Effects of different irrigation, drying and production scenarios on the productivity, postharvest quality and economic feasibility of Origanum syriacum, a species typically over-collected from the wild in Lebanon

Publication Type:
Journal Article
Journal of the Science of Food and Agriculture, 2011, 91 (2), pp. 337 - 343
Issue Date:
Filename Description Size
Thumbnail2011003551OK.pdf114.36 kB
Adobe PDF
Full metadata record
Background: The potential of Origanum syriacum L. to become a cultivated crop in Lebanon rather than being harvested from the wild was investigated at the production, postharvest and economic levels. Three irrigation schemes were tested on growth parameters of cultivated oregano plants. In order to identify the most quality-preserving drying technique, air-, oven (30 °C)- and freeze-dried oregano samples were assessed through sensory analysis. Cost/benefit analysis was used to compare the economic potential of O. syriacum in four production scenarios. Results: An irrigation scheme of 16 L per plant administered every 2 weeks (medium irrigation) during the dry period resulted in a doubling of the horticultural (56.34%) and hydro-distilled essential oil (55.22%) yields. Descriptive sensory analysis showed that air-dried material had the desired flavour, aroma and colour attributes. Net present values ranged from - 677 406.02 to 562 301.5 US$ and benefit/cost ratios from 0.5341 to 5.1993 for a 1 ha, 5 year life-cycle oregano farm. Conclusion: Irrigating plants once every 2 weeks during the dry season optimised herbage and essential oil yields of oregano, while air drying of plant material preserved its organoleptic attributes as a spice. Three of the four production scenarios, namely Zaatar production, herbal tea and Zaatar production and essential oil production, were economically feasible, with the last of these having the highest economic feasibility. © 2010 Society of Chemical Industry.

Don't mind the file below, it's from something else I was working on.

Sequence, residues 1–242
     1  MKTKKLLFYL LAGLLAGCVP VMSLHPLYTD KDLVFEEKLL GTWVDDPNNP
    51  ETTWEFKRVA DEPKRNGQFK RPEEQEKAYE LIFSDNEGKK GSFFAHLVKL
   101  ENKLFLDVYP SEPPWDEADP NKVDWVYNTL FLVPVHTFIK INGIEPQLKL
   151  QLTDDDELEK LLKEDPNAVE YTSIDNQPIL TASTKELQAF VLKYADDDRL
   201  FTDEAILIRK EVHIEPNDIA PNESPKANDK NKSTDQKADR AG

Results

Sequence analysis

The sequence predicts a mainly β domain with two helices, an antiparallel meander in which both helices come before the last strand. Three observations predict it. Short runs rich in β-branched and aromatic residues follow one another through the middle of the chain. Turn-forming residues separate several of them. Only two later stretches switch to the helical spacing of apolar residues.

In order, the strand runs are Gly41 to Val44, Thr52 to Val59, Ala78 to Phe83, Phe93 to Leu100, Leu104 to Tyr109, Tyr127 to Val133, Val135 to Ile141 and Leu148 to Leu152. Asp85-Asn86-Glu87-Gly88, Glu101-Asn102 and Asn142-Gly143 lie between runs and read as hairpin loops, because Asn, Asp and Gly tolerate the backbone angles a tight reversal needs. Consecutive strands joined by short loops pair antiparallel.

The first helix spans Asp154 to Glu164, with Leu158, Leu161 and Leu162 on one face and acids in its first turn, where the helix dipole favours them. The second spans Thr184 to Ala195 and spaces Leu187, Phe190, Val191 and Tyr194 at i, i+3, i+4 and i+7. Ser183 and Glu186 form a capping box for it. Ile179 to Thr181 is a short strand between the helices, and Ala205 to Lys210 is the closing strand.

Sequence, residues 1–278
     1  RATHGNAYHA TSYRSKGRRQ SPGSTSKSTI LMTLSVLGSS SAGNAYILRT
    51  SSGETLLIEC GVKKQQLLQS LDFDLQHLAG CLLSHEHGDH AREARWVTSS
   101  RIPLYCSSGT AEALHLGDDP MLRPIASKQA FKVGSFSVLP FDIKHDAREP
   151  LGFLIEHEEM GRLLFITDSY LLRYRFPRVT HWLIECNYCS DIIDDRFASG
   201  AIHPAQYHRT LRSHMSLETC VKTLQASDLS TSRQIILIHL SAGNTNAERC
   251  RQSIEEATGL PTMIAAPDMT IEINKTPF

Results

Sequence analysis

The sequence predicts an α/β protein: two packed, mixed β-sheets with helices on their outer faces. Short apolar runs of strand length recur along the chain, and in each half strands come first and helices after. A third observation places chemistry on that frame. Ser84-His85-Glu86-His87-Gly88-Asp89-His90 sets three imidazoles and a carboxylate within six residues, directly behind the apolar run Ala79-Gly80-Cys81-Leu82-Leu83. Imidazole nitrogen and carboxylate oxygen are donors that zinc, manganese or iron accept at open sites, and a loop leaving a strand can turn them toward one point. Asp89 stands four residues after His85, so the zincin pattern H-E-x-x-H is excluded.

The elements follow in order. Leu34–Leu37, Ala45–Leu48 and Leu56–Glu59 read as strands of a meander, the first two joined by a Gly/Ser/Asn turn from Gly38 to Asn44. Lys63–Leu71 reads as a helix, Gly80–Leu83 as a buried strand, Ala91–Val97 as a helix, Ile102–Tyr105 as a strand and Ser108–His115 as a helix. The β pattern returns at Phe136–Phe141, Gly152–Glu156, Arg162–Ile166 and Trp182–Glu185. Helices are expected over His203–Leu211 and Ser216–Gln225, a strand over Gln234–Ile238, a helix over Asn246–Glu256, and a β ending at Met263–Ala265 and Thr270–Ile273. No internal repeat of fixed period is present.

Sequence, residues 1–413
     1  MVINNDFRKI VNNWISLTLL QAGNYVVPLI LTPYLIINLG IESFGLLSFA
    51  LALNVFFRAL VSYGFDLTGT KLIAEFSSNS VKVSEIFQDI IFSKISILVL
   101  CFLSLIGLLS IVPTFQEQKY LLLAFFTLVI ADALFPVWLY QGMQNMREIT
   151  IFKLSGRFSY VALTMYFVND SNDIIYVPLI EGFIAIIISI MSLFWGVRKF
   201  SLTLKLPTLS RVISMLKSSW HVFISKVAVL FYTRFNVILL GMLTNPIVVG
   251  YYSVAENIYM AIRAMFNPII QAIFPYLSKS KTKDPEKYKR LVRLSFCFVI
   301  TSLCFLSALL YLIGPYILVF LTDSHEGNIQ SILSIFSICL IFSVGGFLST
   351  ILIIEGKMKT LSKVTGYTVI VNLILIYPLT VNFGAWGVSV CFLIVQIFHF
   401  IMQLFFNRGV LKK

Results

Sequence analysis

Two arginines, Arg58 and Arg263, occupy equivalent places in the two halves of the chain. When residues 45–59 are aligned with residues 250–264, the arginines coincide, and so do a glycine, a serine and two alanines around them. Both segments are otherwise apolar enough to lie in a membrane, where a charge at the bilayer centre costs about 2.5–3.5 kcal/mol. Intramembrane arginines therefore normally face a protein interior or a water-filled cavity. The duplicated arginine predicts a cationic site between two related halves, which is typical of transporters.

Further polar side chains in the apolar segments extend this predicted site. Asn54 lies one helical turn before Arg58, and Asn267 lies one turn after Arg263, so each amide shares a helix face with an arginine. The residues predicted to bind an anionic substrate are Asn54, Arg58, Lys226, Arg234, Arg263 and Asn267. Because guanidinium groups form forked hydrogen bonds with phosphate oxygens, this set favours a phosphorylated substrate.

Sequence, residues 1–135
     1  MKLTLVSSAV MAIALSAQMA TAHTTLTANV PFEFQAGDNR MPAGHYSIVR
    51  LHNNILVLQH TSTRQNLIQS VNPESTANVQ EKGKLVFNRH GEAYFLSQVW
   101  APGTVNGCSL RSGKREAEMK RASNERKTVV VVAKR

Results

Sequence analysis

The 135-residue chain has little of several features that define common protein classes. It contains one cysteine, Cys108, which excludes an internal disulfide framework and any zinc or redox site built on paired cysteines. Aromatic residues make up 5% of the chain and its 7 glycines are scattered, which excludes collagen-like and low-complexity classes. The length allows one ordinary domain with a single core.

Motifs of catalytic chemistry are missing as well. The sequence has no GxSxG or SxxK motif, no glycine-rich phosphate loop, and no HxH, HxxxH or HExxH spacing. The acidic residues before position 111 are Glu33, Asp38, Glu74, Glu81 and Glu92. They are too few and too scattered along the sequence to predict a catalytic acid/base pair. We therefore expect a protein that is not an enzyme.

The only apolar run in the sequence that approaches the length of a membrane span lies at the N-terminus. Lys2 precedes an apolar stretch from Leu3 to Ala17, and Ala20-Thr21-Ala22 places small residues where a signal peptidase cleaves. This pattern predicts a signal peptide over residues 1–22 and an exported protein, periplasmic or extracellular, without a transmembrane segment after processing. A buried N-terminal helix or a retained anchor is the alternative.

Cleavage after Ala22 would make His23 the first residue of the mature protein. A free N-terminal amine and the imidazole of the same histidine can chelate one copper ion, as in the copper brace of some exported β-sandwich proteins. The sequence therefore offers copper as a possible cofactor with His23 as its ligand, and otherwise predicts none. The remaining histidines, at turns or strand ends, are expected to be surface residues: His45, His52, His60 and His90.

Please use this identifier to cite or link to this item: